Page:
Giovanni Ramirez arrives at police headquarters downtown to take a polygraph exam. Ramirez is suspected of beating Giants fan Bryan Stow at Dodgers Stadium on Opening Day, according to police.
Giovanni Ramirez, the suspect in the Byran Stow beating, has taken his second polygraph exam in two days--both at his request in an effort to convince authorities he was not at Dodger Stadium.
Although his attorneys wouldn't discuss the results of the test or the type of questions that were asked, they said they remain confident Ramirez would be absolved.
"We think 100 percent our client is innocent," attorney Anthony Brooklier said. "He didn't beat Bryan Stow and he wasn't at Dodger Stadium. He's never been to Dodger Stadium. He certainly wasn't at Dodger Stadium on March 31, 2011, opening day."
Brooklier and co-counsel Jose Romero revealed they had obtained a court order for Ramirez to undergo a so-called lie detector test at County Jail Tuesday. The exam was administered by Jack Trimarco, the former chief of the FBI's polygraph unit, now in private practice. Trimarco was retained by the Ramirez defense. Wednesday's second exam was conducted by an LAPD examiner at Parker Center. The defense attorneys and Trimarco were able to observe on closed circuit television.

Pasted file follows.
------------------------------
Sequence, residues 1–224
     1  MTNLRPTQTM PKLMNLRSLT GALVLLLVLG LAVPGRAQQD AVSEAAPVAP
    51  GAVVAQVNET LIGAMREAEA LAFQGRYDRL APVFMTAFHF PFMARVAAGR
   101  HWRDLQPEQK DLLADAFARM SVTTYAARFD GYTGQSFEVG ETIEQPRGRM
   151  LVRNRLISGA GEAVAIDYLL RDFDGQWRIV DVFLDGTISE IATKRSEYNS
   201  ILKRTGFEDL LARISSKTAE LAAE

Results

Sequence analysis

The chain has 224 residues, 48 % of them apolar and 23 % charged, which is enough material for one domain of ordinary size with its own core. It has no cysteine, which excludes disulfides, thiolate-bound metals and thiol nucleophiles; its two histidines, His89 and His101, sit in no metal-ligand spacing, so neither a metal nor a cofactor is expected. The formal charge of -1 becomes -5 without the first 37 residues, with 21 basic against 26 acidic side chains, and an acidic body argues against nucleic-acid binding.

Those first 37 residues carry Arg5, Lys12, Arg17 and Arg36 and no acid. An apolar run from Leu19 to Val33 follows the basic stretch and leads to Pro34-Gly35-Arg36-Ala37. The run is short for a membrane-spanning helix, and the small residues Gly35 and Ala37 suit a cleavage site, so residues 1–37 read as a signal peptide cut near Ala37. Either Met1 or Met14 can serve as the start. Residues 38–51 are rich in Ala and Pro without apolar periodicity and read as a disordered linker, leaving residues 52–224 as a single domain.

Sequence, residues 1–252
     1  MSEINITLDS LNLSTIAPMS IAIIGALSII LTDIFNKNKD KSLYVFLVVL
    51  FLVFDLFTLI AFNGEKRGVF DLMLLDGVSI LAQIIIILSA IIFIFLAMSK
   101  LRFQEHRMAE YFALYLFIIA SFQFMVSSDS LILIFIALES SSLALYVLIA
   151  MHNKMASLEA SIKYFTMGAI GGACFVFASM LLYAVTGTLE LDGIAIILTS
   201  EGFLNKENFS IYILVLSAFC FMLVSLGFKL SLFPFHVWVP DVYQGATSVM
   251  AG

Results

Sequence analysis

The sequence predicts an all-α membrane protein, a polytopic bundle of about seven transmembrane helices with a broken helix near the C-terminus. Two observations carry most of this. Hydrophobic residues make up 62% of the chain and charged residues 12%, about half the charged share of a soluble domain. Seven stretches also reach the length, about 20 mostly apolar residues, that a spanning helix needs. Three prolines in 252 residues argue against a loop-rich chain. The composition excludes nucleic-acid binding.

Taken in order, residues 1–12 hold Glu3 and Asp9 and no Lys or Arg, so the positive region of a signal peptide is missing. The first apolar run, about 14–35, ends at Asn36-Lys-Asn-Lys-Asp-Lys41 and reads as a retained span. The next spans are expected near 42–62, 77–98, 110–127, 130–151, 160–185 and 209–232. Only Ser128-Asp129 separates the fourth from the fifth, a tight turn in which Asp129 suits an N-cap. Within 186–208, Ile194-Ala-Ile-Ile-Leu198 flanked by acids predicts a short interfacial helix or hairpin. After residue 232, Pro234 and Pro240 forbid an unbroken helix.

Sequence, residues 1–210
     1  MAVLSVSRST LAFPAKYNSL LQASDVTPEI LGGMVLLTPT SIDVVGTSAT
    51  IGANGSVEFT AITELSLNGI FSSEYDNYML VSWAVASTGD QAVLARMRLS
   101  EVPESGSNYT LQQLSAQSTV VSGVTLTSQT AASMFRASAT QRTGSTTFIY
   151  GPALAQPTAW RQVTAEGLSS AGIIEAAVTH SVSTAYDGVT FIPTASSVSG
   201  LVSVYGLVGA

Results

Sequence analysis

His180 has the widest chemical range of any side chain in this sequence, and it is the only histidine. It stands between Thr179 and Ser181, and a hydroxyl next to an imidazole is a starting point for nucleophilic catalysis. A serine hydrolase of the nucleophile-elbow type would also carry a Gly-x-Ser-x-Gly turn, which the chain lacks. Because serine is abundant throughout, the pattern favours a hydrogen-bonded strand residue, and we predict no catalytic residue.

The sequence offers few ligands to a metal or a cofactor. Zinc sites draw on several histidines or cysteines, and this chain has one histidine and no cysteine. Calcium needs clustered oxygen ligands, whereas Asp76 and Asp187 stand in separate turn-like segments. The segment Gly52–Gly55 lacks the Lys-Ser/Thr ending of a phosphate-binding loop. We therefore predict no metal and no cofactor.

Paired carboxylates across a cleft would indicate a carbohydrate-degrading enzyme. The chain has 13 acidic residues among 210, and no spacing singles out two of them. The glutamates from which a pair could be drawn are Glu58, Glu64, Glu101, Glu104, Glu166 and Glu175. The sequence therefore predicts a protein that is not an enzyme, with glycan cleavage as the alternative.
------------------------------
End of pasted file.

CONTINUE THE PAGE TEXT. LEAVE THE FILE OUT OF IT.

Though Trimarco declined to characterize the findings of his exam, had he found Ramirez to be untruthful, it is unlikely Ramire's attorneys would have allowed an LAPD examiner to have at him.
The Ramirez defenders say they have been seeking evidence to corroborate his assertion that at the time of the attack he was some three miles away in an East Hollywood neighborhood. The attorneys also contend Ramirez did not then have a clean-shaven head, as depicted in the suspect likeness on the widely-circulated wanted poster.
Brooklier said he would be "shocked" if the District Attorney's Office filed any charges against Ramirez.
"I honestly believe that LAPD and the D.A.'s Office are looking for the truth, as we are," he said. "Nobody wants to prosecute the wrong person ever, but nobody ever really wants to prosecute somebody that's wrongfully charged on this case, because that means that there's somebody out there, you know, who's smiling. We're trying to wipe that smile off that person's face. We want LAPD to get the right person."
Defense attorney Jose Romero added that prosecutors' decision on whether to file charges likely won't hinge solely on the results of the lie-detector test.
"I think it's a culmination of all the evidence that our offices have been able to provide and put on the table," Romero said. "This is just a piece of the puzzle to paint the ultimate picture of freedom for our client."
Ramirez has not been charged with the attack, but remains jailed for allegedly violating his parole. He was taken into custody May 22 at a Mariposa Avenue apartment where he was staying. Ramirez had been brought to the attention of LAPD investigators by his parole agent, who recognized a resemblance to the likeness of Suspect No. 1 in the wanted poster.
Ramirez has at least two prior felony convictions, and California Dept. of Corrections and Rehabiliation records reveal he has been in and out of prison three times since 2005. He currently remains jailed on an alleged parole violation--failure to inform his agent of his correct address.
It has also come to light that Ramirez was implicated as a possible suspcect in a Januardy shooting outside Las Vegas, Nevada. Keith Paul, a spokesman for Henderson Police, said the case remains open.